Tons of Doctor Who spoilers have emerged today, many of which fit well with specific themes of the Commander decks themselves. All 13 of the main Doctors have been revealed, and alongside them, a lot of the Doctor’s Companions as well. There’s a heavy historic theme, especially within the Blast from the Past Precon, so unsurprisingly we’ve also seen a ton of Sagas get previewed. So far, the Doctor Who spoilers are both very flavorful and also quite thematic.
Today, we’re going to focus on two specific themes that a large group of cards are centered around. These themes are none other than token production and playing a group hug-style game. Notably, while some mechanics such as the Doctor’s Companion mechanic heavily rely on other Doctor Who cards to utilize, both of these themes can work exceptionally well beyond just the contents of these Precons. In fact, some of these cards are quite powerful and incentivize building further around them.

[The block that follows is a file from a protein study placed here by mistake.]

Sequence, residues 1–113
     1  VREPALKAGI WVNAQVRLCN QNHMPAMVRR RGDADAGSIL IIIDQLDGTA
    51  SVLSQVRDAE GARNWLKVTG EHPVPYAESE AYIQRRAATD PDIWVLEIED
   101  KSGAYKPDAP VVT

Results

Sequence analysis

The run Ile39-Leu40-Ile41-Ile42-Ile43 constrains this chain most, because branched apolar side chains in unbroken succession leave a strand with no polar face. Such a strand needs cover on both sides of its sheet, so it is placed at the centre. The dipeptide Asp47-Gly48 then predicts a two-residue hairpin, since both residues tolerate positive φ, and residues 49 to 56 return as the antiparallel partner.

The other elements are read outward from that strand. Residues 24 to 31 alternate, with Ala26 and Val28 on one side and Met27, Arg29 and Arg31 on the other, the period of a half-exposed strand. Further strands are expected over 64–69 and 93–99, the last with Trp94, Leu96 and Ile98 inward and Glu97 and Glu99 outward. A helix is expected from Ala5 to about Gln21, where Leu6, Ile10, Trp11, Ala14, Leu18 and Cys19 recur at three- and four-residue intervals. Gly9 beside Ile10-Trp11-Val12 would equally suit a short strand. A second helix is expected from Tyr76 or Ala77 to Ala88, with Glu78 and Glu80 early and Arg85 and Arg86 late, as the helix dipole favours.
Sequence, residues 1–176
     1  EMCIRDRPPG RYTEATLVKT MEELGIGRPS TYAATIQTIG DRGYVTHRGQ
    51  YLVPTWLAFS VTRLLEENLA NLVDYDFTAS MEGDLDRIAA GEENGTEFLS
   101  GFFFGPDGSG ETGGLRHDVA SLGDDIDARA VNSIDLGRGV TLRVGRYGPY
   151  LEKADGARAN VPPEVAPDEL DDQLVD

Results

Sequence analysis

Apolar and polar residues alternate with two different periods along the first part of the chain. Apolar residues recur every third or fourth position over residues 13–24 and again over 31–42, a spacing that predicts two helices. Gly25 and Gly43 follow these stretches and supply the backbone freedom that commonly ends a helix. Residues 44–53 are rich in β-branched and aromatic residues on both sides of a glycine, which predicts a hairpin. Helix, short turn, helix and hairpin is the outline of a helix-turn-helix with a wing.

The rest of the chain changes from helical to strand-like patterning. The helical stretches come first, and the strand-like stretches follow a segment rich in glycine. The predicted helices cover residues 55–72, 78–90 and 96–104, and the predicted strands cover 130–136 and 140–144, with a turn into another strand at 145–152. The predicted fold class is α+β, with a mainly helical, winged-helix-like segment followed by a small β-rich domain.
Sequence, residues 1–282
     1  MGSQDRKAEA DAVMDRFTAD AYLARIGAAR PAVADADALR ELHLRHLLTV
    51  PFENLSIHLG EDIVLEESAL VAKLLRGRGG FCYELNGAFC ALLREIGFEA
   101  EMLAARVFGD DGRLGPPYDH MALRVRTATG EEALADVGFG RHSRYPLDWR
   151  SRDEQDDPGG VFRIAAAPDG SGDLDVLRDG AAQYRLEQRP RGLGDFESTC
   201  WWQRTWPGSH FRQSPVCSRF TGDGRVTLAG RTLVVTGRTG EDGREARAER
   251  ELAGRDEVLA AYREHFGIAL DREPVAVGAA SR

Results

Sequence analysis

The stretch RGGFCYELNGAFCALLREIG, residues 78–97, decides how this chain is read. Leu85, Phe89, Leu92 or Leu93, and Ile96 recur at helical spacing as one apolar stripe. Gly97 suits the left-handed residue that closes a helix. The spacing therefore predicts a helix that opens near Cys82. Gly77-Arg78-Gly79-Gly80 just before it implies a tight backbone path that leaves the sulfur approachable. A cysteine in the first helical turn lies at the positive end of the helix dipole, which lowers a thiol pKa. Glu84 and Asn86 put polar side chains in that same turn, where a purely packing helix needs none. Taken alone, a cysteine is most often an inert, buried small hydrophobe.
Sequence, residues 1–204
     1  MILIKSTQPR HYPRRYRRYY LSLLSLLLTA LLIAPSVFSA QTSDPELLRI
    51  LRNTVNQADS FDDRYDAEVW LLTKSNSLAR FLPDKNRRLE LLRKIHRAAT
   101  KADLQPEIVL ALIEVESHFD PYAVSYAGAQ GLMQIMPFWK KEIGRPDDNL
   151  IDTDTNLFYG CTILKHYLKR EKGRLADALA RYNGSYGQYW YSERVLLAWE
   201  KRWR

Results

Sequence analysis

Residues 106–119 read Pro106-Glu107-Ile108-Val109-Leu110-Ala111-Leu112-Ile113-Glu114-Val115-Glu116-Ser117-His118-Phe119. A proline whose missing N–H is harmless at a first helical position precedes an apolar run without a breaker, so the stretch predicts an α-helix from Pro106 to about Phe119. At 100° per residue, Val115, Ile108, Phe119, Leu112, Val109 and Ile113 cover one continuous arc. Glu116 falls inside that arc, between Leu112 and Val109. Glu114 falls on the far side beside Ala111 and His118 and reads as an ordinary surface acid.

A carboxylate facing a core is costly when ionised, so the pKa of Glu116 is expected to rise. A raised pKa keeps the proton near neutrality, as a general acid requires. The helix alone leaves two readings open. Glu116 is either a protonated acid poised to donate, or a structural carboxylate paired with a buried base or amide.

Crisis of Conscience
First, we’re going to go over some strong cards that get even stronger the more tokens you can create. Crisis of Conscience is a good example of a card that, on the surface, looks a little bit inefficient for its effect. For six mana, you can either destroy all tokens, or destroy all non-Land, non-token permanents. In a go-wide tokens shell, you will primarily use the second mode, and it can be backbreaking for the opponents if you have a big board. Assuming most of your Creatures are also tokens, much like Hour of Reckoning, Crisis of Conscience can act closer to Plague Wind than anything.